Chuka Umunna: 'It is plain, Camerkozy austerity is not working'

Youth has not hampered the shadow business secretary's attacks on the coalition's industrial strategy, nor on the veteran Secretary of State

This Chuka Umunna is cheeky. First, he set the hare running by forcing the controversial Beecroft report out into the open, prompting accusations that Vince Cable is a "socialist and anti-business".

Now Mr Umunna is inviting the coalition's Business Secretary to join Labour in opposition: "It's clear to me that Vince should leave government and join us. He and I could then work together on an industrial strategy to get the country growing again. Like us, Vince wants more active government support for business but is in a straitjacket; constrained by road-blocks at No 10 and No 11."

So now he wants to crack open the coalition? The young shadow business secretary grins, knows it was a playful jibe but worth the shot: "We would welcome Vince with open arms. Beecroft has been a shambles and no way to create policy. These employment law changes are a poor substitute for growth."

In case you missed it, the Beecroft report into employment law caused an uproar when it was published last week because of its controversial proposal for dismissal reform. It was this "firing at will" clause for businesses with fewer than 10 workers that Mr Cable attacked and which produced a counter-attack from Adrian Beecroft, the author of the report who was commissioned by the business department to come up with ways to reduce red tape. But it has backfired, with even the big guns of business privately admitting they are appalled at this reform.

Mr Umunna claims the Beecroft fallout is toxic for David Cameron: "It's as bad as cutting the 50p tax, the pasty and granny tax all in one. In the old report, which has been doctored, Beecroft wrote that high unemployment 'is a price worth paying'. Norman Lamont said something similar about unemployment being a price worth paying in 1992 and who was his adviser? Cameron.

"There is a real ideological shift to the right going on. First William Hague attacked companies for being lazy and now they are having a go at workers' rights. We have the third-best record for labour relations in the world. Now, in the middle of recession with people fearing for their jobs, is not the time to make them feel scared."

Mr Umunna's decision to call for an emergency debate on Beecroft on Monday came after another leak in last weekend's papers. But it wasn't a surprise; he's been trying to flush Beecroft out of government on "public interest" grounds since part of the old report was first leaked last year. "I've been working on getting it out into the open since last October after parts of the report were leaked. Our Freedom of Information request was turned down and then in April we asked the information commissioner to investigate why they kept refusing to publish it and I think it's this that made them leak it again."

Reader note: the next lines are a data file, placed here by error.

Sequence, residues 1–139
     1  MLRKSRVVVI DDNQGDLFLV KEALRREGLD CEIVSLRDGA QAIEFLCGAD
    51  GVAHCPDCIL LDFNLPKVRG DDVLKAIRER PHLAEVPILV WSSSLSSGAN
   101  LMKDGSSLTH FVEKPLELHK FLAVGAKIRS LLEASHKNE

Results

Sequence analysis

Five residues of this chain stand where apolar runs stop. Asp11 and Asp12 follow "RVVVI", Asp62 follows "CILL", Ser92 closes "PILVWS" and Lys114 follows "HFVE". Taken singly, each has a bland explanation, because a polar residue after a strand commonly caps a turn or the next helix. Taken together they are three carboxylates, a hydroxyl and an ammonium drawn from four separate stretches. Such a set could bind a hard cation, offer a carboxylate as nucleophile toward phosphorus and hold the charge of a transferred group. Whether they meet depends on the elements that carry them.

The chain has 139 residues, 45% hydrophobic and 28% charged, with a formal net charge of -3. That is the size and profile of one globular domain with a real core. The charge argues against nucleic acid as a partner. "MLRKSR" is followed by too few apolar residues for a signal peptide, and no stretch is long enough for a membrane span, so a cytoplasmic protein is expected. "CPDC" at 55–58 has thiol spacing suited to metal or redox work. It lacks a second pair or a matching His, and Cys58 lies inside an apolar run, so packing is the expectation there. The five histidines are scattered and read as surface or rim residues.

We met for tea on Tuesday in the café at Portcullis House, next door to the House of Commons that Mr Umunna entered two years ago as MP for Streatham. It's the day after Beecroft broke but the day that Christine Lagarde, head of the IMF, published her annual forecast for the UK and managed with her Gallic shrewdness, to combine praising the Government's Plan A but suggested that should the economy get worse, it may be time for a mini-Plan B. "Lagarde is clever. She is not going to criticise George Osborne, is she? He was her main sponsor to head the IMF. But she was clear that the UK needs more to get demand up and growth going."

Mr Umunna is not a deficit denier, quite the reverse: "But it's plain that the Camerkozy school of austerity alone is not working. We need more fiscal stimulus – cuts in national insurance or VAT for example and more infrastructure projects." Following the revised GDP figures on Friday, he adds: "This is a no-growth Government with its head in the sand. It blames businesses, the people who work in them and now the eurozone when countries like Germany and France are not in recession and we are."

That's why a joined-up industrial policy would be top of the agenda if Labour were in power, one that backed innovation and manufacturing in the private sector as the American, German and Singaporean governments do.

"This is not about picking winners because that doesn't work. But Government should actively support sectors such as food manufacturing, biotech, the digital and creative industries, aerospace and others where we excel."

Mr Umunna is a fan of Lord Heseltine, the ex-Tory minister, who heads a review into how spending departments can work more closely with the private sector: "Heseltine and I share the view that state can do so much more as an enabler of private growth. So do Vince and David Willetts."